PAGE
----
Why would the Conservatives not want to protect the national interest and give more strength to our democracy by supporting Bill C-18? They have gone out of their way to protect those giants. I would be disappointed if the government were to back down because Facebook says it is going to pull its news ads. I am not a computer tech person. I know there are all sorts of things people can do through the computer and maybe they have ways they can pull out the news ads; I am not 100% sure how that works. However, what I do know is that I am not going to be intimidated, whether by Google or Facebook. If Facebook operators believe that they do not need those stories in order to sustain the type of growth that they have experienced and wealth that has been generated because of journalism that has been utilized through their companies at no cost, I will stand by Canadians. I am going to stand by our democracy. I am going to stand by the jobs and the importance of that industry because I recognize its importance.
    The Conservatives have now said they are going to pull all stops out. They do not want this legislation to pass and they have been very clear on that.
    I had posed a question in regard to the budget implementation bill when the leader of the Conservative Party had a big press conference. In the press conference, he said he was going to speak and speak. He has unlimited time on the budget implementation bill. He was going to continue to speak until ultimately the Prime Minister backed away and changed the budget, even though hundreds of millions of dollars are flowing through the budget implementation bill in order to support Canadians. A few hours later, that kind of fell flat. Why was that? It was because not only did the Liberals see through the charade, but opposition parties outside of the Conservatives saw the charade and the propaganda stunt that the leader of the Conservative Party was trying to pull off.
    Just yesterday, with respect to Bill C-42, the corporations bill, the Conservative Party actually supported the legislation. Everyone supports the legislation. However, the Conservatives want to apply that very same principle in terms of what they want to apply to Bill C-18, and that is to prevent government legislation from passing. Therefore, the Conservatives continue to put up members to speak and if it were not for time allocation, again, that legislation would not have been able to pass.
    Now, the Conservatives are shocked or at least surprised that the government has brought in time allocation on Bill C-18. They should not be surprised. After all, they just need to look at their record; they try to frustrate the House of Commons, to deny Canadians the opportunity to have legislative measures that are going to protect their interests. We have consistently seen that from the Conservative Party. The Conservatives put their political party and their fundraising ahead of the interests of Canadians.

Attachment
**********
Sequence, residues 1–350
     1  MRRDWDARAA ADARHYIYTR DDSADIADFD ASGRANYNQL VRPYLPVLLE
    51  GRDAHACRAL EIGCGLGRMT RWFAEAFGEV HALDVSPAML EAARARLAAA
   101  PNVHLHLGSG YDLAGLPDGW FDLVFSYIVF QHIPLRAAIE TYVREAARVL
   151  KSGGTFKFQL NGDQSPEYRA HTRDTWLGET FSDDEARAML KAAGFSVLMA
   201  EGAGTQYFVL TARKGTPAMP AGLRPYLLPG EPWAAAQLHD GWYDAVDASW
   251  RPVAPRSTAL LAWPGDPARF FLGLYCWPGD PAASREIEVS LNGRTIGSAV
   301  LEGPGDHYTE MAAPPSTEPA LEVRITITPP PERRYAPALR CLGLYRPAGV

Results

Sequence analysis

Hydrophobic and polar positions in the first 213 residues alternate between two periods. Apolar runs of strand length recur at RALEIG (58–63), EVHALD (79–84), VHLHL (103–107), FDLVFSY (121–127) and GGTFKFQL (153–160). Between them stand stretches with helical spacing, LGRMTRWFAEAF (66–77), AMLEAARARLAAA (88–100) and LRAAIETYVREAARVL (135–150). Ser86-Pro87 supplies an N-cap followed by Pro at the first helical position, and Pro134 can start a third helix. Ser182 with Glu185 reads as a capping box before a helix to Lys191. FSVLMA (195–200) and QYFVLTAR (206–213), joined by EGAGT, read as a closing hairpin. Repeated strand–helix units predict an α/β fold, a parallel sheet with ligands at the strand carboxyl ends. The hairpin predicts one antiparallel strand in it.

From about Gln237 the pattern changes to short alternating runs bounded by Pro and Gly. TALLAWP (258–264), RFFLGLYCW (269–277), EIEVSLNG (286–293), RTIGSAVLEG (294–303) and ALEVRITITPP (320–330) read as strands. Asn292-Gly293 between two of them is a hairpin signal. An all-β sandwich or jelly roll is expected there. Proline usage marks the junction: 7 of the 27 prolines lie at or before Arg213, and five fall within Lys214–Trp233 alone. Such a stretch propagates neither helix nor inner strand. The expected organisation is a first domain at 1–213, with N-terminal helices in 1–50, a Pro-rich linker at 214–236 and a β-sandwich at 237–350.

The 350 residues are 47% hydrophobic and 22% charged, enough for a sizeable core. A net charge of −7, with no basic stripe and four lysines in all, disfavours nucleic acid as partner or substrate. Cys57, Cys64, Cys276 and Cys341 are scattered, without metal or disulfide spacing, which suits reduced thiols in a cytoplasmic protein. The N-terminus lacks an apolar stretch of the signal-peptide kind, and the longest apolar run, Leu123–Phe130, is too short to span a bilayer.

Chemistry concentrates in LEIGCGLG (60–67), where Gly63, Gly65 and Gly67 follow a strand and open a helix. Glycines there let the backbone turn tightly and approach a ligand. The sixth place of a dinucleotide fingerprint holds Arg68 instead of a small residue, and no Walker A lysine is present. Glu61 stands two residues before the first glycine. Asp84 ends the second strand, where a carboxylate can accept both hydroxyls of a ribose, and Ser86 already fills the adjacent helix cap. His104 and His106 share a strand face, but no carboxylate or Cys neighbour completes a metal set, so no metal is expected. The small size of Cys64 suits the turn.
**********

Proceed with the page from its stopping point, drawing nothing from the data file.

Let us listen to the first question, when the Minister of Heritage was answering questions as to why time allocation was necessary. The first person up for the Conservative Party asked why the government was bringing in time allocation, saying that they should be allowed to have all of their members speak to the legislation.

  (1340)  

    They should do the math. If every member speaks, that means how many hours of debate? How many more hours are there before the summer recess? It is not a question of whether the Conservatives will allow the legislation to pass before the summer break, they want to kill the bill. They do not want the bill, period, end of story. That is their intention.
    That is why I posed a question to my Bloc friend. The essence of the question was whether the member believes that the Conservatives, had we not brought in time allocation, would have allowed this bill to pass before the summer recess. If the member from the Bloc were to be honest with the chamber, he would probably recognize that the Conservatives have no intention whatsoever to pass this legislation, definitely not before the summer break. If we did not have at least one opposition party supporting what we are doing, this legislation likely would not see the light of day in terms of its passing.
    I need to remind the Conservatives, as they like to remind us, about the last election and there being a minority government. In a minority government, we have to continue to be focused on Canadians, delivering legislative and budgetary measures and working with the opposition. Fortunately, most opposition parties have a more co-operative attitude and recognize that they too have a role to play in a minority government. It is not just the government's responsibility.
    The only party that has failed to recognize that fact is the Conservative Party of Canada. It continues to believe its only role is to prevent legislation from passing. Then it criticizes us for bringing in time allocation motions and trying to limit debate on important pieces of legislation or budget measures. It is hard to take Conservatives seriously on things of that nature when we see them delay time and time again, such as with concurrence in committee reports. One of my favourites is when a Conservative stands and moves a motion for another Conservative to speak. Then there is a vote, which causes the bells to ring. Instead of debating, they try to determine which Conservative member should filibuster or they decide we are done for the day and move a motion to adjourn, again causing further delay. These are the types—
    The hon. member for Saanich—Gulf Islands is rising on a point of order.